The first 11 board members immediately cease to be MPs, while the party’s remaining 65 MPs who are not affected by the ban now have to join another party within 60 days to keep their MP status

The Election Commission of Thailand (ECT) voted on 11 December 2019 to submit a request to the Court to rule whether the loan of 191 million baht  from Thanathorn is a violation of Article 72. 

On 25 December 2019, ten days after the request was filed, the Court accepted the ECT’s request. The Association of Thai Democrats Without Borders, a network of overseas Thai people led by former human rights commissioner and political activist in exile Jaran Ditapichai, issued a statement on 18 February criticizing the Court for its allegedly rushed acceptance of the ECT’s request, and claiming that the acceptance was “against the decision of its subcommittee.” 

Last week, historian Charnvit Kasetsiri started a campaign against the dissolution of FFP, which included 150 signatures from well-known figures in various circles, including academics, writers, activists, film directors, and actors, and now has over 40,000 signatures on

The campaign states that “good politics should be a system which allows every side to compete fairly and be judged by the people, while trying to eradicate a particular political group will only create tension in society which is waiting to explode.[…] The best way out is to open up the political space as much as possible and to support the people’s political parties to become strong. Stop thinking that dissolving a political party or banning those who think differently is going to lead to peace.”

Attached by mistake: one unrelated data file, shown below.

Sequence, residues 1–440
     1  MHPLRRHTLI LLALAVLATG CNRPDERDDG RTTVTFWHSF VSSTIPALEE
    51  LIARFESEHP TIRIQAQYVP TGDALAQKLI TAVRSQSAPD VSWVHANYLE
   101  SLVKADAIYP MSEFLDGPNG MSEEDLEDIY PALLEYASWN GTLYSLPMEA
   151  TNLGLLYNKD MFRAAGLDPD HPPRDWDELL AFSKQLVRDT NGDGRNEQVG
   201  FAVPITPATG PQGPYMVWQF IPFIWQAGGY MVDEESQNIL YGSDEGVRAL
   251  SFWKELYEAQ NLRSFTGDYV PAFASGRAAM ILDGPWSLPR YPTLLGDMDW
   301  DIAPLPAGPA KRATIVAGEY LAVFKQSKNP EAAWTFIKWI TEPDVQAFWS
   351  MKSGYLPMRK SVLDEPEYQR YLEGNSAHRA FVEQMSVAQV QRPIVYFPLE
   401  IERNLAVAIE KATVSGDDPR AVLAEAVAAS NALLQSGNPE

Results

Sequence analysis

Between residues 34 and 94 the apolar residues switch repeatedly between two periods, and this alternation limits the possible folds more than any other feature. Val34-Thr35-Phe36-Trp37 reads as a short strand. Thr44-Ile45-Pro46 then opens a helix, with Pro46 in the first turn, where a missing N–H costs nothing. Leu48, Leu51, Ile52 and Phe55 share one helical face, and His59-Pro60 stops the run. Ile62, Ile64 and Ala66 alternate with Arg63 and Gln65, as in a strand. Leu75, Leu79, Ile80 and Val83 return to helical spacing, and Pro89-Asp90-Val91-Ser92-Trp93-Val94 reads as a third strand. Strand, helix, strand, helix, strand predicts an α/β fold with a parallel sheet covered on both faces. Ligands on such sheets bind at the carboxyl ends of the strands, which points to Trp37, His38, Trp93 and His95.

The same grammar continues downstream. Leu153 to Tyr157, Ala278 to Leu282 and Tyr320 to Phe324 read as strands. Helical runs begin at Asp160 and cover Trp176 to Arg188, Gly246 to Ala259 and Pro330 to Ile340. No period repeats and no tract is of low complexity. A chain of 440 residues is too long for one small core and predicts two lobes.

Meanwhile, the statement from the Association of Thai Democrats Without Borders says that the dissolution of political parties “will destroy political pluralism in Thailand” and that “the weakening of the opposition is a weakening of democracy for the benefit of the government of General Prayut Chan-o-cha.”

The hashtag #SaveFutureForward (#Saveอนาคตใหม่) trended on Twitter all through Friday, as the party’s supporters took to social media to express their support. 

The FFP has faced several lawsuits since the start of 2019. Its leader Thanathorn has been disqualified from parliament for owning shares in a media company, despite the company having ceased operations in 2017. The party and its leaders also faced anti-monarchy and sedition allegations in a complaint filed against them by former advisor to the Chief Ombudsman Nattaporn Toprayoon, colloquially known as “the Illuminati case.” They were acquitted in January 2020. 

The Court ruling took place three days before the debate on the motion of no-confidence against 6 ministers, including Prime Minister Gen Prayut Chan-o-cha, which is currently scheduled to open on 24 February. 

Other than Gen Prayut, the opposition has also filed a motion of no-confidence against deputy prime ministers Gen Prawit Wongsuwan and Wissanu Krea-ngam, Minister of Interior Anupong Paochinda, Minister of Foreign Affairs Don Pramudwinai, and Deputy Minister of Agriculture and Cooperatives Thammanat Prompow.

With the exception of Don and Thammanat, the other four ministers all had roles in the National Council of Peace and Order (NCPO), which staged the military coup in 2014.